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Our Money Pit

Nida Spalding loves to read, travel, and spend time with family and friends. She believes that curiosity and persistence are key to happiness and success.

It was time. We had the rental property in Suisun, California for 15 years. "The money pit," as my husband—the reluctant landlord—liked to call it.

"We could have sold it in 2004 for $350K," he reminds me whenever the subject comes up. He regards real estate in California as over-inflated. I reasoned with him, "You're paying for the location, all that sunshine year-round." His response? "Yeah, right," eye roll included.

I was the one who wanted to turn our first home into an investment property, a tax shelter, and forced savings for our son's college education.

Land-lording is hard work, even with a property manager. At one time, we had an incompetent one. How ridiculous it was to manage the property manager. Eventually, when I retired and had the time, I decided for us to manage the property ourselves.

Now it was time to sell. Not wanting to pay exorbitant realtor fees, my husband found Clever Real Estate online. With them, you pay 1 per cent plus 2.5 per cent to the buyer's agent. At first, I was skeptical but was willing to give it a try.

The realtor had impressive credentials. And he was no-nonsense. After a walk-through of the rental house, he told us right off, "Change the 30-year old roof. And the sea foam green carpet has to go." That's Just for starters. The house is 30 years old.

With no time to waste, I lined up the floor guy that my friend recommended. He knew a general contractor. I thank God for him. "The beast," my husband described the general contractor, because he's big and strong.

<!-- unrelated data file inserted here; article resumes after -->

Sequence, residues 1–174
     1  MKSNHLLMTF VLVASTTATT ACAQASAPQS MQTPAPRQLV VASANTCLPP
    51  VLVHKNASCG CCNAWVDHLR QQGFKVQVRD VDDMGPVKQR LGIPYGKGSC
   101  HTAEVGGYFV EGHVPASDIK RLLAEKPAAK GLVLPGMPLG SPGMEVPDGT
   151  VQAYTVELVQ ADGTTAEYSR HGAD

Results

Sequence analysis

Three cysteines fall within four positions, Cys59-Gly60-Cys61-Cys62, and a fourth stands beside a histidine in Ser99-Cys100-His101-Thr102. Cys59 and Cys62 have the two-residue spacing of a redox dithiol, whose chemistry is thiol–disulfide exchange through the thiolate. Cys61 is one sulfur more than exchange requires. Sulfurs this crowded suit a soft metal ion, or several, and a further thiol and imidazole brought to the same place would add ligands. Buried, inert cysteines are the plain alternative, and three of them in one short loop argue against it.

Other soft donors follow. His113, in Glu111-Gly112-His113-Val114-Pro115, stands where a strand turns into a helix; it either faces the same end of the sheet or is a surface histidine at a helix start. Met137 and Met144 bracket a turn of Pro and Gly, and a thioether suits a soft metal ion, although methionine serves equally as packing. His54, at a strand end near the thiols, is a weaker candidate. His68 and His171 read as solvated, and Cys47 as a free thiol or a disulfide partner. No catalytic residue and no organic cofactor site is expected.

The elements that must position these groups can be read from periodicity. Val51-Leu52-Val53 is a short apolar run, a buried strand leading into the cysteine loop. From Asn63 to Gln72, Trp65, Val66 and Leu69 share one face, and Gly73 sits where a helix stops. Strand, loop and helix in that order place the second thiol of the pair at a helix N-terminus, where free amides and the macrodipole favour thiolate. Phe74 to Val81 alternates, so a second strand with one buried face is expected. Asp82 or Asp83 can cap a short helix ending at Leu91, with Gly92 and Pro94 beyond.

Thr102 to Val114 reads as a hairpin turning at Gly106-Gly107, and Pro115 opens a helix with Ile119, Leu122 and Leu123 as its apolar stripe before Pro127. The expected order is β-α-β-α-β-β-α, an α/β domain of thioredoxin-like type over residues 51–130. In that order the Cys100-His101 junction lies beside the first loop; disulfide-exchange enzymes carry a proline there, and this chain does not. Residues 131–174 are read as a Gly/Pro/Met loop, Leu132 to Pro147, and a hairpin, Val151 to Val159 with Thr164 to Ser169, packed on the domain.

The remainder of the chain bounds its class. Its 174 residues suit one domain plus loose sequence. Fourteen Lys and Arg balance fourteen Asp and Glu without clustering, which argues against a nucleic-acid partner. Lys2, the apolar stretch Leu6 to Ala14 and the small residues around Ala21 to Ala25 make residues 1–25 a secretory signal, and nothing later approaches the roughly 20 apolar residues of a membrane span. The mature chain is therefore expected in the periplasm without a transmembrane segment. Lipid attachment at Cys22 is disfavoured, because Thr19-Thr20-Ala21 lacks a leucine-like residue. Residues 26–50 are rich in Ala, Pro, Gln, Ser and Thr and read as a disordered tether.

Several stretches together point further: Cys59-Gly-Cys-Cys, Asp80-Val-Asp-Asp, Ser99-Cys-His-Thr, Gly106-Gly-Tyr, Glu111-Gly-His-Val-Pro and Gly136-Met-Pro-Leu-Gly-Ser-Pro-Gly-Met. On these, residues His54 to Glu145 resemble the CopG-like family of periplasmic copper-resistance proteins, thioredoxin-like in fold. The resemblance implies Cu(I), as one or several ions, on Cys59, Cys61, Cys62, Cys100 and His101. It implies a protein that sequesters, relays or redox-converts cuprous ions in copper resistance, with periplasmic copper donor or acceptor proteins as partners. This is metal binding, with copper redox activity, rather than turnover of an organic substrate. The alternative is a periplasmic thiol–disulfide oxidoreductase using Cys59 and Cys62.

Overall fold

When he got going, you better get out of the way. He got things done. At 6 foot 4, he towered over me. At our first meeting. I walked him through the house, pointing to things that needed fixing.










The exterior needed new paint and some stucco and sheetrock needed work. Many things needed to be replaced: the front door, closet doors, kitchen sink and counters, garbage disposal, stove, hood, microwave, bathroom sinks, faucets, vanity lights, mirrors and toilets.

He didn't take notes but gave me an estimate the following day. I was impressed. He knew his stuff and made me spend a lot of money at HD Supply, Home Depot, and Granite Outlet. "I support you," he would say, meaning it was my decision.

During renovation, the rental indeed became a money pit. For the most part, we paid with credit cards. We paid for the roof in installments. I had to dip into my savings.

The house was put on the market. There were plenty of lookers but zero offers. After we lowered the price, fixed the back fence, and put in a new dishwasher, we received several offers—two over the new asking price.

We accepted the best offer, then waited for inspections to be completed. Finally, we signed the papers at the title company and waited for escrow to close. After a few days the proceeds were in our account.

Was it worth it? I say yes. The Suisun house was our home for 15 years. We took out $60K in equity to use as down payment on our current home. The renters paid the mortgage except for a couple of months. From the time the last renters moved out to the date the house was sold, I did pay the mortgage for five months. We bought the house for $145K and sold it for $385K.

Was it a wise investment? Or was it a money pit?

~ Nida Spalding
























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